Express law

11 March 2005

Redundancy entitlements

These matters were on appeal from a decision of the Full Bench of the Federal Court, Amcor Ltd v Construction, Forestry, Mining and Energy Union [2003] FCAFC 57, in which the Minister for Employment and Workplace Relations intervened.

Amcor Ltd v Construction, Forestry, Mining and Energy Union; Minister for Employment and Workplace Relations v Construction, Forestry, Mining and Energy Union

High Court of Australia, 9 March 2005, [2005] HCA 10


The appellant, Amcor Ltd (Amcor), owned and operated four paper manufacturing mills, in New South Wales, Queensland and Tasmania. Employment conditions were subject to a federal certified agreement between Amcor and two unions, one being the CFMEU. The agreement was certified on 9 June 1998. Clause 55 of the agreement contained specific rights in relation to redundancy, including the requirement that Amcor consult with employees and unions at the earliest possible opportunity, and pay severance pay in cases of retrenchment.

In June 1998 Amcor underwent a corporate restructure, selling two paper mills to Paper Australia Pty Ltd (‘Paper Australia’), a wholly owned subsidiary of Amcor. Paper Australia leased the plant and assets of the two remaining mills until Amcor sold the mills to Paper Australia in March 2000. Paper Australia operated all four mills from June 1998 but the employees remained employed by Amcor, pursuant to an agreement between Amcor and Paper Australia which was effective from 1 July 1998.

In February 2000, Amcor transferred its shares in Paper Australia to PaperlinX Ltd (PaperlinX), another of its wholly owned subsidiaries. The result was that Paper Australia was then owned by PaperlinX, which was subsequently floated as a public company. This process was described by the High Court as a ‘demerger’.

As a consequence of the demerger, Amcor wrote to the employees at the paper mills, terminating their employment with Amcor. The letter also enclosed an offer of employment from PaperlinX under the same terms and conditions as the employees had been subject to in their employment with Amcor. Employment with Amcor was to cease on 31 March 2000 and to commence with PaperlinX on 1 April 2000.

In June 2000, the CFMEU filed an application in the Federal Court for an order under s.178 of the Workplace Relations Act 1996 (the WR Act) imposing penalties on Amcor for breaching cl.55 of the agreement. The CFMEU argued that the positions of employees whose employment was terminated by Amcor had become ‘redundant’ under the terms of the agreement, enlivening the operation of cl.55 of the agreement. The CFMEU also sought orders that Amcor pay employees severance pay, on the grounds that the termination of ‘redundant’ employees by Amcor had resulted in the ‘retrenchment’ of the employees, triggering an entitlement to severance pay under the agreement.

At first instance, in Construction, Forestry, Mining and Energy Union v Amcor Ltd [2002] FCA 610, Finkelstein J found that as Amcor no longer required the work previously carried out by the employees to be performed, the employees had become ‘redundant’. Further, the Court held that in deciding whether or not an employee had become redundant, the fact that the employee had a new employer was ‘irrelevant’ as redundancy involved loss of the employee’s position with his or her employer, rather than the loss of the employee’s position generally. Finally, the Court held that the employees had been ‘retrenched’ as they had been dismissed for reasons of redundancy, therefore satisfying the two requirements of the agreement for the operation of cl.55.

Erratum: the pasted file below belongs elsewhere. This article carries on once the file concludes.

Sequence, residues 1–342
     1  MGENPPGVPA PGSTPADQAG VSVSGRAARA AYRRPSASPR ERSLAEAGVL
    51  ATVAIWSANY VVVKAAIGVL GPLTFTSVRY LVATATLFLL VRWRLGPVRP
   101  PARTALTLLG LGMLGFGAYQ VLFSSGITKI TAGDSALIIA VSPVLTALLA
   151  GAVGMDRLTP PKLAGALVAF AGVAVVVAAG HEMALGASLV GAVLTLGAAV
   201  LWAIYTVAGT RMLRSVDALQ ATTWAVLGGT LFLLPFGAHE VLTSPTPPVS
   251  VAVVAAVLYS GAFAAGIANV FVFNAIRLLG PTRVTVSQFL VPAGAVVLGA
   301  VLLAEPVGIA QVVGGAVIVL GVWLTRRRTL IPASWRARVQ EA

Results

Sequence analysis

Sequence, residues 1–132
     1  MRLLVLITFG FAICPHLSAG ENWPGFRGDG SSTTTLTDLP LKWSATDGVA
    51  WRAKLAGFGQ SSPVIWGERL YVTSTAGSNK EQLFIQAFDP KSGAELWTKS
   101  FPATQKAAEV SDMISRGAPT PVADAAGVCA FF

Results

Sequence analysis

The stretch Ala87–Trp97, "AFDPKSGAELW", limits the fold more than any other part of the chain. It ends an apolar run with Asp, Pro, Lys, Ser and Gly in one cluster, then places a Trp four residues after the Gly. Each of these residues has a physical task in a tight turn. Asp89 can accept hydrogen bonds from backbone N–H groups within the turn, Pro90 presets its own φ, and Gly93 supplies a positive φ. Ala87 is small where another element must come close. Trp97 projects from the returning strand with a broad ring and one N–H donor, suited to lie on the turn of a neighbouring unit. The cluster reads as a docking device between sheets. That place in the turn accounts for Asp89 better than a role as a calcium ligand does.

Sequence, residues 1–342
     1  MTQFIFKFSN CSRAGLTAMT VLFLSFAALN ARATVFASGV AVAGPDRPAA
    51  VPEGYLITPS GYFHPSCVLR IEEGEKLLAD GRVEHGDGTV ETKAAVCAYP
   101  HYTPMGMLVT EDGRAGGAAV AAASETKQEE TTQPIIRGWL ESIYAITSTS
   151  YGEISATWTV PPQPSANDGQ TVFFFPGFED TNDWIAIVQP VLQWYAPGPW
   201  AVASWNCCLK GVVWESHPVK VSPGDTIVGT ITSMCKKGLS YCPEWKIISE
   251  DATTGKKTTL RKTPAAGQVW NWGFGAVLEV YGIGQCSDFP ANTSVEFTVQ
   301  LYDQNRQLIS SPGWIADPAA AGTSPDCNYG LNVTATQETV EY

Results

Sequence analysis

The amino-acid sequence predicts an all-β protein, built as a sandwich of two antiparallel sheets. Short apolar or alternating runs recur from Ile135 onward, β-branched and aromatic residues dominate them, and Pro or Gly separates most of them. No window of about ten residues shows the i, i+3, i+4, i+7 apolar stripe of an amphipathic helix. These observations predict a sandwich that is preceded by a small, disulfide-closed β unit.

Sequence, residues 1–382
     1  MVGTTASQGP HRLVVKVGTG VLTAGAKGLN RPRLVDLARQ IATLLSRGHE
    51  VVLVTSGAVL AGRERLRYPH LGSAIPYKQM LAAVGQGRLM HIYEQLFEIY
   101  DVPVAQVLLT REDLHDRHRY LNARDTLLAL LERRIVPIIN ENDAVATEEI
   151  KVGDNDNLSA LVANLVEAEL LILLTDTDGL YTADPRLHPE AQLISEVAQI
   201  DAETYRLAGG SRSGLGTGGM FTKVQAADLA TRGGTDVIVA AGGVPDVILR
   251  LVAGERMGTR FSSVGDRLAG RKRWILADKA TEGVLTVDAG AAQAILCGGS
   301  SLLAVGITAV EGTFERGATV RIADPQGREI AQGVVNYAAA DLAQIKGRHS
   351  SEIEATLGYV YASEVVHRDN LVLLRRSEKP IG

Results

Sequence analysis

Amcor appealed this decision, with the Minister for Employment and Workplace Relations intervening pursuant to s.471 of the WR Act. In Amcor Ltd v Construction, Forestry, Mining and Energy Union [2003] FCAFC 57, the Full Court of the Federal Court, comprising Moore, Marshall and Merkel JJ, affirmed the decision of the primary judge.

Decision of the High Court

The appeal was heard by the Full Court of the High Court. Judgment was delivered on 9 March 2005. All members of the Court were unanimous in allowing the appeal and setting aside the orders of the Federal Court on the ground that no redundancies had arisen. The case turned on the interpretation of cl.55 of the agreement.

Gleeson CJ and McHugh J found that the interpretation of ‘redundant’ by the primary judge was too narrow and inflexible to accommodate industrial and commercial realities. Gummow, Hayne and Heydon JJ held that the positions to which cl.55 referred were positions in a ‘business of making and selling paper’. The sale of the business to Paper Australia did not affect the existence of the positions, and therefore no positions became redundant. Kirby J, after considering the contextual issues, also found that the better view of cl.55 was that the positions continued to exist but were taken over by another company. Callinan J held that the positions had not become redundant because the persons filling them continued to fill them, but with a different employer. Callinan J looked to previous statements by industrial tribunals to support that construction, briefly considering the law around the transmission of businesses under the WR Act for the purposes of certified agreements.

The case suggests that redundancy will not generally arise where there has been a transmission of business and employees have continued to do the same job. But the case sheds little light on general transmission of business questions.

Text of the decision is available at:

For further information please contact:

Richard Harding
Senior General Counsel
T 02 6253 7026 F 02 6253 7304

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